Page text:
The Way Back proves you can make a movie portraying pertinent issues with sports practice and not have the Hollywood effects drown it out.  You just have to make sure you are expecting it.  This film succeeds in the realism of portraying one man struggling to find his way back from a terrible time in life, but through work, patience, and support can get better.  It accomplishes the inspirational story in a calmer manner and using the central focus of Affleck, whose acting brings this role to life, you will be pleased with the story presented.  Yet, if you go in here looking for another sports film integrated with life lessons… you may disappointed.  So many disjointed side plots get the realistic treatment of being haphazardly integrated and not fully fleshed out.  It leads to uneven pacing for me, alongside underutilized secondary characters and the relationships that could have formed with the central character.  The realism also seems to take the entertainment magic away, especially when it comes to the sports moments that you might be coming to see.  Don’t expect drawn out games and those heroic moments that you’ve become accustomed to my friends, because they are not here.  As such, the final thing is that the inspirational tale is here for this film, but the problem is other movies have done this better like Remember the Titans, Miracle, and Hoosiers.  Given all this though, if you want realistic acting and a tale of succeeding, then this guy suggests a visit to the theater, but otherwise hold out for home viewing on this one.

 

My Scores are:

 

Drama/Sport:  7.0

Movie Overall: 5.5

 

Onward To Fun, Family/Geek Adventure

Onward Poster

 

Pixar broke the mold a long time ago when it came to animation, pushing the boundaries of the 3-D animation world and the storytelling that comes with it.  World building, unique characters and fun filled stories etched themselves into our memories and continue to amuse us to this day.  So after sequels have stormed the frontier of Pixar, a new original tale is hoping to come Onward and entertain us, most likely with a good story and character drive.  As such, yours truly is back to help guide your journey to the movies.  Let’s get started as we review:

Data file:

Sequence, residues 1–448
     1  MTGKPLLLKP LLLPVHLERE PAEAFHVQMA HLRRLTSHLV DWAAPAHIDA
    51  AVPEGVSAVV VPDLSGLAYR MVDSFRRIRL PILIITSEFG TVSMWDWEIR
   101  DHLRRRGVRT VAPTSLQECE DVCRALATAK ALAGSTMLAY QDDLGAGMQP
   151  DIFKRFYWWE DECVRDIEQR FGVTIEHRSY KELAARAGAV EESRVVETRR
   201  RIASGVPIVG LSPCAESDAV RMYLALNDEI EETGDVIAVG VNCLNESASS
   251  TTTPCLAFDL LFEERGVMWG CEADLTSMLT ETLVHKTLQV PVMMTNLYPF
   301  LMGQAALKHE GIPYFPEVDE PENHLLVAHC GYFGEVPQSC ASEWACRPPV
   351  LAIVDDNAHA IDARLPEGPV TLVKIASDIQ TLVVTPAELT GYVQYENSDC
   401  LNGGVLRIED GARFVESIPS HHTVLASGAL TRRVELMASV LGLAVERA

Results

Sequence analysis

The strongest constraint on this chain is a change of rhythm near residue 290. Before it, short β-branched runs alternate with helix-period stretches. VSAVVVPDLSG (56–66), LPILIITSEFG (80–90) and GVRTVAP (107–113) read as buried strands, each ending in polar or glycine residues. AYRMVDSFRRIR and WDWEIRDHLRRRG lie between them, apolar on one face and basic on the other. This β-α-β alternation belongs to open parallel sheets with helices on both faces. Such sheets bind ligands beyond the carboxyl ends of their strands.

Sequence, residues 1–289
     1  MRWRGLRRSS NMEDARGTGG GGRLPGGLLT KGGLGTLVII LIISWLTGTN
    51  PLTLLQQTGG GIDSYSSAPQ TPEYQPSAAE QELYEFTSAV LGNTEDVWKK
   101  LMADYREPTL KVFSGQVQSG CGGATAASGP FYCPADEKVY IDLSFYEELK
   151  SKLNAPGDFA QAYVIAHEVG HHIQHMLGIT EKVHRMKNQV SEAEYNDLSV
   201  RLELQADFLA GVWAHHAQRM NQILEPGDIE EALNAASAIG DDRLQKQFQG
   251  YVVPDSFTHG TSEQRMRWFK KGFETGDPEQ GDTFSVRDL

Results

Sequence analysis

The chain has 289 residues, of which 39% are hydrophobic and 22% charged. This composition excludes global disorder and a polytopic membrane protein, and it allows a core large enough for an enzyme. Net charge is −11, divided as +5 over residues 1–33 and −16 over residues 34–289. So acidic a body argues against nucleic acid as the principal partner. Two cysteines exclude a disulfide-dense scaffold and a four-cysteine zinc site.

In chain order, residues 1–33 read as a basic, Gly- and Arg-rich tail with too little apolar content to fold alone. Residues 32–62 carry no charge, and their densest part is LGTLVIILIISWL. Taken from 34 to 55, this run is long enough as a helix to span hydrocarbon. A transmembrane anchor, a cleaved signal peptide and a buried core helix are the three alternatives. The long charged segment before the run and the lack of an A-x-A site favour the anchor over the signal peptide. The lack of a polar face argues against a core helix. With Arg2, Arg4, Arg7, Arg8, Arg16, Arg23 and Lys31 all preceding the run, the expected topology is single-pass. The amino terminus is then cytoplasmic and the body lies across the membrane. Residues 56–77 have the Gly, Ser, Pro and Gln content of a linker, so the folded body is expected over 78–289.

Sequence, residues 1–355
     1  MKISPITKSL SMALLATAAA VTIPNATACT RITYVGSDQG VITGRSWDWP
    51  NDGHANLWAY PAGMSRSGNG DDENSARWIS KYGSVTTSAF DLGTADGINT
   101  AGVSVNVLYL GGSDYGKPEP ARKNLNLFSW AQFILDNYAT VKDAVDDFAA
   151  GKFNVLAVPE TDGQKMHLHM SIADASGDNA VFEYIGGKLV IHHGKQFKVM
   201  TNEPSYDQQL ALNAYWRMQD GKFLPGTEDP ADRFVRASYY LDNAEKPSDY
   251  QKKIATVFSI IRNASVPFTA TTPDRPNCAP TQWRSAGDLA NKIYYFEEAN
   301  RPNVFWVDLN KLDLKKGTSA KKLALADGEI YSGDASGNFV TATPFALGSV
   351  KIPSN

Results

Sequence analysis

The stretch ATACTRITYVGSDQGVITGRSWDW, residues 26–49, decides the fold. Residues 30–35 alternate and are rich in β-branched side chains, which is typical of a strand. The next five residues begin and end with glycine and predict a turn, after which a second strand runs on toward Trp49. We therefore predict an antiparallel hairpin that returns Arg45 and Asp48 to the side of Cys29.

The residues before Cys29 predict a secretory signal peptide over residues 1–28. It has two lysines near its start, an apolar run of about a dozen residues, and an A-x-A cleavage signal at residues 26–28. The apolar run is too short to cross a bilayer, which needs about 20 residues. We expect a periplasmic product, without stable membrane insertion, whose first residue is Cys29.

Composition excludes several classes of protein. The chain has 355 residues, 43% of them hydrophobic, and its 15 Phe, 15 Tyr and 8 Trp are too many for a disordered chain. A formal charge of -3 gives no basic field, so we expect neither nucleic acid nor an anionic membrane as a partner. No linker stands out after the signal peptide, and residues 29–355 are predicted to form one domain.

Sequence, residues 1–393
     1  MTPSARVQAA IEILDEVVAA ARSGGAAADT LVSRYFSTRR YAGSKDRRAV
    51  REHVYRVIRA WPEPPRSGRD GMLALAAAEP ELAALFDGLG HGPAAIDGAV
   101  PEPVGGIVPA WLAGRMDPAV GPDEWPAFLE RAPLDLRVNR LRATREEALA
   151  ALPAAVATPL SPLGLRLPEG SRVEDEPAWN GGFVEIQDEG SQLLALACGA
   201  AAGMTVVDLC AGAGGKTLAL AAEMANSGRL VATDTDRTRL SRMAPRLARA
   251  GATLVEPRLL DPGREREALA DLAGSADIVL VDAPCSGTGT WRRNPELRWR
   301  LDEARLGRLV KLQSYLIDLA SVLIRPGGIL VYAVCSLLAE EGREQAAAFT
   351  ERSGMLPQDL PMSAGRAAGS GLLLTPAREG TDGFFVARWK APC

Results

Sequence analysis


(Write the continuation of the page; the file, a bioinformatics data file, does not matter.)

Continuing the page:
Movie:  Onward (2020)

 

Director:

Dan Scanlon

Writers:

Dan Scanlon (screenplay by), Jason Headley (screenplay by)

Stars:

Tom HollandChris PrattJulia Louis-Dreyfus

 

 

LIKES:

  • Great Animation
  • The World Building
  • Fun
  • Funny
  • Witty References
  • Clever Writing
  • Great Character Development
  • Morals
  • Not In Your Face Lessons
  • Heart Felt

 

DISLIKES:

  • Predictable
  • More Adventure Impasses Needed
  • More On the Mom And Manticore Front
  • A Bit More Of The Centaur character component

 

 

SUMMARY:

 

Let’s get the obvious out of the way, Pixar is fantastic at the animation and only keeps bringing their cards to play.  The movement itself is fluid, dynamic, and colorful to meet the expectations that such pieces hold in Disney’s arsenal.  Onward’s world truly does bring magic to the modern world, and the world building of modern overtaking the mysterious is brilliantly crafted to be fun and meaningful.  Much of this world is fun, a huge spoof on fantasy elements that have ditched the mysterious, scary, and demented, for colorful forms that are mere shadows of their inspirations.  This adventure may not be the most exciting, but Pixar still injects its energy into the film to make the movie entertaining in the kids way but also holding great potential for adults too.  Comedy wise, Onward has some slapstick, components, but the comedy is geared towards the adults and older members that was highly entertaining to a geek like me.  Witty references are loaded into the film, with many movie references present for older fans to enjoy at their new use into the world.  Not a movie buff?  Not a problem, because the writing continues to be clever as it brings dungeon and dragons board games into a new medium, all while poking fun at the modern flaws that are hot topics.  Its this fantastic variety of venues to use that make this movie fun, as dialogue and comedic devices use these avenues to make the whole thing entertaining.